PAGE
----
A better knowledge of the living conditions and the difficulties during the first lockdown among caregivers of PWD is necessary to prevent or reduce the risk of poor mental health (PMH) in this population. Previous studies have shown that lockdown was associated with an increase in behavioral and psychological symptoms of dementia (BPSD), leading to negative consequences on caregivers’ mental health [3, 4]. To date, only few studies have investigated the psychological consequences of the lockdown measures on caregivers of PWD. It has been highlighted that time of isolation had a significant negative effect on anxiety, depression, and well-being in caregivers [5–7], but little is known concerning the factors associated with their PMH. In addition, the impact of lockdown on caregiver is probably different depending on where the PWD live (at home or in nursing-home). The objectives of this research are twofold: to compare the mental health of caregivers of PWD living at home or in nursing-homes and to identify specific factors influencing their mental health.


Participants and data collection

We conducted an anonymous cross-sectional online survey in France from April 15 to June 15, 2020. The inclusion criteria for the study required participants to be a non-professional caregiver of a PWD living at home or in nursing-home and be at least 18 years old. In line with French regulations on health research, no ethics committee approval was required since collected data was anonymous. Participants were recruited from various sources: e-mails were sent to members of the France Alzheimer Association, information about the survey was given during medical phone appointments carried out during the lockdown or in the month following its end.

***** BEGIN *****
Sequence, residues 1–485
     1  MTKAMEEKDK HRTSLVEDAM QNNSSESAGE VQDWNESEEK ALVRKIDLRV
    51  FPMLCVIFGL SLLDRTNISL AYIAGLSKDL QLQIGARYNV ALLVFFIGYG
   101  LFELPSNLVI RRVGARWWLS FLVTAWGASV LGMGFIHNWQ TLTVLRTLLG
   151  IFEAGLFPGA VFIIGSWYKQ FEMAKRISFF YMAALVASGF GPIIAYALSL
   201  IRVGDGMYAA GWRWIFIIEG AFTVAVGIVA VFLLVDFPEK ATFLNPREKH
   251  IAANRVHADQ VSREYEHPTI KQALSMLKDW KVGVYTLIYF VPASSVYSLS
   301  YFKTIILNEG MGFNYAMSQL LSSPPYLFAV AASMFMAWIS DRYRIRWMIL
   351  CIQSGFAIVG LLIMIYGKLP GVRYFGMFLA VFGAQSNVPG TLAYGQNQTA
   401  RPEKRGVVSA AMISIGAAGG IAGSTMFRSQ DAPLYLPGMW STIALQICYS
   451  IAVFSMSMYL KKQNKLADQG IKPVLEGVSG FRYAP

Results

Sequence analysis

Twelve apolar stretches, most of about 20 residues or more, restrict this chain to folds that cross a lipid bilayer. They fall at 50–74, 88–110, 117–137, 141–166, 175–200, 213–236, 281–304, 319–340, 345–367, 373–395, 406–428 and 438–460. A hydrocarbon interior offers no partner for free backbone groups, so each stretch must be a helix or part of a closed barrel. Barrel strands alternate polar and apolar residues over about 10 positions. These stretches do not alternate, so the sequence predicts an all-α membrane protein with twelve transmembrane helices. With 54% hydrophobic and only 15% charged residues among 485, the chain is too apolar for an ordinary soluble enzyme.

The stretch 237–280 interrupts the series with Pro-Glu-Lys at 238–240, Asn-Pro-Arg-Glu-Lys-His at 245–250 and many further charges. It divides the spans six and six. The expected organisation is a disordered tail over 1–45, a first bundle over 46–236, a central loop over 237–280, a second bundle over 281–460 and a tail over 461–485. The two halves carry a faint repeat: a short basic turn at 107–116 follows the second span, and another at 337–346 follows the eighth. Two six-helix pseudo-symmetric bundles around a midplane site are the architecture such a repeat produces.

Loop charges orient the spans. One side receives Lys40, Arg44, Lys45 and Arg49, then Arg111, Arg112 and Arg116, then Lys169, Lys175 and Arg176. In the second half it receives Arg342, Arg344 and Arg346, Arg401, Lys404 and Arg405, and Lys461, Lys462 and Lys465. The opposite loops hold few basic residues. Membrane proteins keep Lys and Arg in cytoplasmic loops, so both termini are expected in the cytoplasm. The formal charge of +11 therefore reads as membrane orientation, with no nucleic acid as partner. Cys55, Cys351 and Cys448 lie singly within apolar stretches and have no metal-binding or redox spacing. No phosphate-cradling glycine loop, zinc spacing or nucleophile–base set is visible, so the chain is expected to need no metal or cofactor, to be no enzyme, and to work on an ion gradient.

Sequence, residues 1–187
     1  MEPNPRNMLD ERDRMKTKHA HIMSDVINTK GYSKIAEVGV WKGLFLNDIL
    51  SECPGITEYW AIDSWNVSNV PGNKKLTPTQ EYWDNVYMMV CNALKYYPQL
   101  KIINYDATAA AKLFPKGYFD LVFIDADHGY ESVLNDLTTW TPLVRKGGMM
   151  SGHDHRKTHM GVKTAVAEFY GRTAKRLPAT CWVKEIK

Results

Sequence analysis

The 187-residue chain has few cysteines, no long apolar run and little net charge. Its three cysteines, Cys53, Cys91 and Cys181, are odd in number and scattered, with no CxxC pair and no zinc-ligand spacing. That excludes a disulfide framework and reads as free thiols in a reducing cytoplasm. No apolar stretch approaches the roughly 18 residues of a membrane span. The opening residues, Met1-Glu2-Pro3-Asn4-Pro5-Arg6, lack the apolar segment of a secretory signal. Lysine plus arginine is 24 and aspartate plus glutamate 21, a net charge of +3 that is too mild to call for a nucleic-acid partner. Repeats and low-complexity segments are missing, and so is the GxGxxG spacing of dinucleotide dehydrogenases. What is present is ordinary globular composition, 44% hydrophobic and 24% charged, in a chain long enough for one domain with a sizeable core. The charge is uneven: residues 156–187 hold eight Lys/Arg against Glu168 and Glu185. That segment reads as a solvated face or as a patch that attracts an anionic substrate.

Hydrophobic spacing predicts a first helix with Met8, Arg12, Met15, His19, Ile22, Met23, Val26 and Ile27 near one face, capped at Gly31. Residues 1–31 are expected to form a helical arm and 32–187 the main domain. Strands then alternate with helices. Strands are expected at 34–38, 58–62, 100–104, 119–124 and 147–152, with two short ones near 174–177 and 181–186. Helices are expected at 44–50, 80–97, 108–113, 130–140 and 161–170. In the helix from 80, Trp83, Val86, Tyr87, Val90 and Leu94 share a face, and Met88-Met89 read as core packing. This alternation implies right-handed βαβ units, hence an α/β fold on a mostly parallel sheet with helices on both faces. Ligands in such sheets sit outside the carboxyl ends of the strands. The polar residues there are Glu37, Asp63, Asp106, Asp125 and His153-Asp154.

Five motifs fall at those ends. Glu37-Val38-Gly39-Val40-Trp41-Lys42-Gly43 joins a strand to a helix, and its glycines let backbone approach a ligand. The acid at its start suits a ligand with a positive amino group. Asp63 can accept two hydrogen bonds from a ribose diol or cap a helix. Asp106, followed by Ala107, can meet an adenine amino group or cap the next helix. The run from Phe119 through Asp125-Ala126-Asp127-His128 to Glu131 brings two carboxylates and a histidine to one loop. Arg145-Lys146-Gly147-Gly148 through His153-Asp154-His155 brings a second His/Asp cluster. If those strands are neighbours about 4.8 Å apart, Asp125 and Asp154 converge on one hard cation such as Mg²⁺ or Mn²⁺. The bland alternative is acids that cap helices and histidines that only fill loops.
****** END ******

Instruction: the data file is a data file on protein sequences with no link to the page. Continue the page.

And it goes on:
Two different versions of the online survey were available, one for caregivers supporting a PWD living at home (home caregivers, HC), the other one for caregivers supporting a PWD living in a nursing home (nursing home caregivers, NHC). Additionally, printed questionnaires were provided to participants who did not have a web connection. The global questionnaire is presented in the Supplementary Material. Only items from this questionnaire exploring clinical issues were analyzed for this article.

The two versions of the survey shared common questions regarding sociodemographic data, dementia etiology, symptoms duration, caregiver and PWD personal and environmental conditions during lockdown, fear regarding COVID-19 for themselves and PWD, caregivers’ mental health (including anxiety, depression, stress, burden, and difficulties to feel well-rested or to practice physical activities).

Additionally, the questionnaire dedicated to HC addressed specific questions about the PWD living conditions, the support provided by the caregiver to the PWD and the intervention of professional caregivers at home.